We have demanding standards when we escape for a week in the UK to celebrate our wedding anniversary. Because it's January, it has to be warm and very comfortable. And it has to have big windows and a view in case we decide the weather's too awful to go out (as it was several times this year!) Shellseekers ticked all the boxes and is quite lovely. It has been thoughtfully appointed and beautifully decorated. It is small but feels much more spacious inside than you might think. The view is spectacular as you watch the waves surfing in across the beach below. For an out-of-season escape ( January: very out of season indeed) it fitted the bill perfectly, giving us a much needed respite from the daily grind. The opportunity to spend time doing nothing much except read, guilt-free, in such a setting was very welcome indeed. A few things that it would have been worth knowing about beforehand are included here. The chalet is about 100m from the road, along a narrow path, steep at first, that gets quite muddy when it's been raining. Don't expect your wheelie suitcase to be much use. And if you are less able you might struggle. Bring waterproofs: at one point we wore waterproof coats, overtrousers and walking boots just to get to and from the car! If you plan to go out at night, bring torches. We were able to enjoy solitude: but we came in January. In high season you could find yourself sitting down to a barbecue on the decking a metre or so from people doing the same in the chalet next door. Don't expect two bedrooms. The 'second bedroom' is more of an antechamber between the double bedroom and the bathroom: there is no door separating the one and a half single beds from the lounge area. Not a problem for us as we came as a couple and used it as a handy utility area, but if you have youngsters used to their own room they (and you) could be in for a surprise. And it was less clean than we would have liked when we arrived. I cleaned the bath whilst my wife cleaned the fridge. And we decided against using the microwave on the basis that it presented a health hazard. We mentioned this to the owner in response to her 'welcome' SMS, but got no response. A acknowledgement/apology would have been nice; a bottle of wine even nicer. Finally, at the time of writing, the path to the beach is closed due to landslip and subsidence. We chanced it but I don't know for how much longer that will be possible unless it's repaired. But not to be churlish, none of this spoiled our week, and I'd recommend Shellseekers (with the reservations above).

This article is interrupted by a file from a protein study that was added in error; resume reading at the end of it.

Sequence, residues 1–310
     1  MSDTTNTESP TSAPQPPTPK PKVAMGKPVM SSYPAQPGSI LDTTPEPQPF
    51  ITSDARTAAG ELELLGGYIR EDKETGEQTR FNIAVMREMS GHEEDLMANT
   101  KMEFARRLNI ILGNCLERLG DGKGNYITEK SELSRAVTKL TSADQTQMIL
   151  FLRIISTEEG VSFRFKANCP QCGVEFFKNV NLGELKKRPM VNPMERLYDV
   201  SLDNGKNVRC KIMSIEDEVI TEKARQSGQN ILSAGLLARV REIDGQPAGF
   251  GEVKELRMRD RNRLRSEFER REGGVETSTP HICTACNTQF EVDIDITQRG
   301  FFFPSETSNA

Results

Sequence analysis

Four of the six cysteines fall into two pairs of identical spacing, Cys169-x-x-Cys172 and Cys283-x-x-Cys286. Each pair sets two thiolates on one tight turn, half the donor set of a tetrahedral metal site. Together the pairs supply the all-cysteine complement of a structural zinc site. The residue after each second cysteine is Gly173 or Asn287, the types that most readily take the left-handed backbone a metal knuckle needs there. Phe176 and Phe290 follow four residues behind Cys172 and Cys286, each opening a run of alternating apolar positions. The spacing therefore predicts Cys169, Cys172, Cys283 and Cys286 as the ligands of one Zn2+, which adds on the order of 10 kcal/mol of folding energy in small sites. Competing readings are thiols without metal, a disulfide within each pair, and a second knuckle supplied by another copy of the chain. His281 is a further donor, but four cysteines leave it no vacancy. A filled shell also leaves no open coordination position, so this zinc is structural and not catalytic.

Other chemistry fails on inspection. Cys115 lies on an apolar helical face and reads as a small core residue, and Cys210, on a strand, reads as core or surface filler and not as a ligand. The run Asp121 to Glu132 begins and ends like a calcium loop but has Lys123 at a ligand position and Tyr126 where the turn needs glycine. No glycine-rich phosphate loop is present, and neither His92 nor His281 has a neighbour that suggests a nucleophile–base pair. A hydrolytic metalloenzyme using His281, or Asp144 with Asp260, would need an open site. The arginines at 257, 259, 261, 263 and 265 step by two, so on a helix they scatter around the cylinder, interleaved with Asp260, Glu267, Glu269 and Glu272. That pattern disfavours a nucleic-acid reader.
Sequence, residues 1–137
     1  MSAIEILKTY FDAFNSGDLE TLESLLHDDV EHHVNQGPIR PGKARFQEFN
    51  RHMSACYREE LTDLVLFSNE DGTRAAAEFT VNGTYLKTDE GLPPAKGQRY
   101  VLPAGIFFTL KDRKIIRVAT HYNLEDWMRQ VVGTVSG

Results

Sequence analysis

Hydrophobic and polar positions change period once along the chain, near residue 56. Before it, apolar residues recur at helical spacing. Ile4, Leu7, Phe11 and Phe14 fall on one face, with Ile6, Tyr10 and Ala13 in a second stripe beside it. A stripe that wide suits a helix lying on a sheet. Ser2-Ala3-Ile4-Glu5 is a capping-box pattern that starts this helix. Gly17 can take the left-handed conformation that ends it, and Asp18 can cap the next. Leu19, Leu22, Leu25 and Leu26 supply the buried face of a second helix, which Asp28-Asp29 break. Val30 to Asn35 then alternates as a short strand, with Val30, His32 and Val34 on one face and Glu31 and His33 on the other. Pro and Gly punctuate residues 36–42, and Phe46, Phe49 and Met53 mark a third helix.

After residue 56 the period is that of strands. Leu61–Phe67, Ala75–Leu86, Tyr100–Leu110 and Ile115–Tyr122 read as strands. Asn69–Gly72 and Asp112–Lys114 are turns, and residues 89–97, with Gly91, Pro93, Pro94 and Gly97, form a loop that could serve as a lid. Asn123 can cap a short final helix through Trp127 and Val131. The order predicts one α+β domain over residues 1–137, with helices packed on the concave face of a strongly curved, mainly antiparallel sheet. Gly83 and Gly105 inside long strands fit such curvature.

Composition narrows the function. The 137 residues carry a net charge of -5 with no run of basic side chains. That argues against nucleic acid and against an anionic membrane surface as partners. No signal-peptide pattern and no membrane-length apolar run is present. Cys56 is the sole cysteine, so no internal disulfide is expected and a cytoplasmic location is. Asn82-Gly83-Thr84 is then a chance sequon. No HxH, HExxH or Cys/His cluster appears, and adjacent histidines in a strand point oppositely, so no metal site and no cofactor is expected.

John Gandys bar
Ok, we were seduced by the sign proclaiming the 'best burgers in Exeter'. That an the fact that it was a cold day, we were hungry, and 'Bill's' further up the road had a queue out onto the pavement. Well it was a smart move. The bar (bistro?) has a nice ambience and a good mix of lunchtime customers. We both went for the beefburgers with a couple of added extras and although I'm not well versed enough to decide if they really were the best in Exeter, they were very good indeed. And the fries were amongst the best I've tasted anywhere. What set XXXX apart though was the cheery and enthusiastic guy who served us. I didn't get his name, but he was Antipodean and he made all the difference. From his friendly welcome through his attentive service, to his farewell as we left, we could have been long-time buddies. Go sample the burgers and fries!